Investing.com - West Texas Intermediate oil futures edged higher on Wednesday, after data showed that oil supplies in the U.S. fell more than expected last week.
On the New York Mercantile Exchange, U.S. crude oil for delivery in July eased up 0.23%, or 24 cents, to trade at $104.60 a barrel during U.S. morning hours. Prices were at $104.43 a barrel prior to the release of the supply data.
U.S. oil futures rose to $105.06 a barrel on Tuesday, the most since March 3, before turning lower to settle at $104.35, down 0.06%, or 6 cents.
New York-traded oil futures were likely to find support at $102.62 a barrel, the low from June 9 and resistance at $105.06 a barrel, the high from June 10.
The U.S. Energy Information Administration said in its weekly report that U.S. crude oil inventories decreased by 2.6 million barrels in the week ended June 6, compared to expectations for a decline of 1.9 million barrels.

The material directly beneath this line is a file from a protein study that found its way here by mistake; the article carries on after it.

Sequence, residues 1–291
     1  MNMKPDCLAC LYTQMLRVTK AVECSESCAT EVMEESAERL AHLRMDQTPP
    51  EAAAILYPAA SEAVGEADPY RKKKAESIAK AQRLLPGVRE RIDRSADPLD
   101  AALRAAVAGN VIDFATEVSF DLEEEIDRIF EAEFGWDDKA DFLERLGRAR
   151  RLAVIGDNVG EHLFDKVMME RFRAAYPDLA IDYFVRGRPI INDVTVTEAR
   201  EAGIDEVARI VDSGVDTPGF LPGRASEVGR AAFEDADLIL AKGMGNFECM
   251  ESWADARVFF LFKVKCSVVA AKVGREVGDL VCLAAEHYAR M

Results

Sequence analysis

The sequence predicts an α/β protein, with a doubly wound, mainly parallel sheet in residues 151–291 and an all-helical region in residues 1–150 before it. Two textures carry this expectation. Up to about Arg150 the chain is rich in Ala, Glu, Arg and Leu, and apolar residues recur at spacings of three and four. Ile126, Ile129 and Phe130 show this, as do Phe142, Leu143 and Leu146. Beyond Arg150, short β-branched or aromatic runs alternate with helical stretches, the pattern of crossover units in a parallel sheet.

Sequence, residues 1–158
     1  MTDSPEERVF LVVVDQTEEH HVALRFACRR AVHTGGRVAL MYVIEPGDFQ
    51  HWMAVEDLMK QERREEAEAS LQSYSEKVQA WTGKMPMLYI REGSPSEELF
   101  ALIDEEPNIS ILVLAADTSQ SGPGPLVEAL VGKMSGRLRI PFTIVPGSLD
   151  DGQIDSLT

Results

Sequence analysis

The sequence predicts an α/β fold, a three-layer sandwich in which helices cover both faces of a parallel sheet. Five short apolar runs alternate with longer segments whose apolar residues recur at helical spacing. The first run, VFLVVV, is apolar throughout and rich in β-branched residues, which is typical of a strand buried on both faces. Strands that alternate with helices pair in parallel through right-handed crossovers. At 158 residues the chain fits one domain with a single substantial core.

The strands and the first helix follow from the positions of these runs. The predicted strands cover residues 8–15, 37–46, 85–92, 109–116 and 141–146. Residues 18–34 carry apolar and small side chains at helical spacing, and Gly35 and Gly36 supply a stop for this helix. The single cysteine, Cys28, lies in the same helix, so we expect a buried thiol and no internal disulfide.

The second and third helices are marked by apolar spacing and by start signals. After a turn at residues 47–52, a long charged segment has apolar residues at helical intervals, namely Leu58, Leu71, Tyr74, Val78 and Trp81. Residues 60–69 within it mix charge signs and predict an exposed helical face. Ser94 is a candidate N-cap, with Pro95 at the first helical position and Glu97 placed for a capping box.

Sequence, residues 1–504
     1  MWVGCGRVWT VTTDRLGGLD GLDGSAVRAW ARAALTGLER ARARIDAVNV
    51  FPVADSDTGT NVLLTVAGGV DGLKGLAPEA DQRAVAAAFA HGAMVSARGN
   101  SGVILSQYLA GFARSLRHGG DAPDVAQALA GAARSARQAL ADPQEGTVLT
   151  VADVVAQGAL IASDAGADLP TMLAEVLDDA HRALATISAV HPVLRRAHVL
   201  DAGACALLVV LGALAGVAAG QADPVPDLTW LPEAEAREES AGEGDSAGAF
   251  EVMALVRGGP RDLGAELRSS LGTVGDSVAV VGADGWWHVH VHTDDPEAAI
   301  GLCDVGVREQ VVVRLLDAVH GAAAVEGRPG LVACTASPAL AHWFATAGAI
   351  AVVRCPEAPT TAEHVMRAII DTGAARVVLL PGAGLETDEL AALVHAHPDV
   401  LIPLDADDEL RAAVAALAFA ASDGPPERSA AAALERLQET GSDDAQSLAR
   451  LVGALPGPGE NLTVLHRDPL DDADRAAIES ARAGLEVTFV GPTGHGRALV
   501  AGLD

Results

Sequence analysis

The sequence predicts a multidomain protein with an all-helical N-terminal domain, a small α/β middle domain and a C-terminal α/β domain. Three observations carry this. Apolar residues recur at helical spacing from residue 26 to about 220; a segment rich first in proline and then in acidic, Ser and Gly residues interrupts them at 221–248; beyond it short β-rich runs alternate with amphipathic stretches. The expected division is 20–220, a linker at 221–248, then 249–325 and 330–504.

Total U.S. crude oil inventories stood at 386.9 million barrels as of last week.
The report also showed that total motor gasoline inventories increased by 1.7 million barrels, compared to forecasts for a gain of 0.9 million barrels, while distillate stockpiles rose by 0.9 million barrels, compared to expectations for an increase of 1.2 million barrels.
Meanwhile, the Organization of Petroleum Exporting Countries said on Wednesday that it would keep its official production target unchanged at 30 million barrels a day, as widely expected. The 12-member group is responsible for approximately 40% of global supply.
Elsewhere, on the ICE Futures Exchange in London, Brent oil for August delivery tacked on 0.35%, or 38 cents, to trade at $109.24 a barrel, while the spread between the Brent and U.S. crude contracts stood at $4.64 a barrel.
The spread narrowest to the lowest since April as receding stockpiles at Cushing, Oklahoma, the delivery point for Nymex oil futures, eased concerns over a supply glut.
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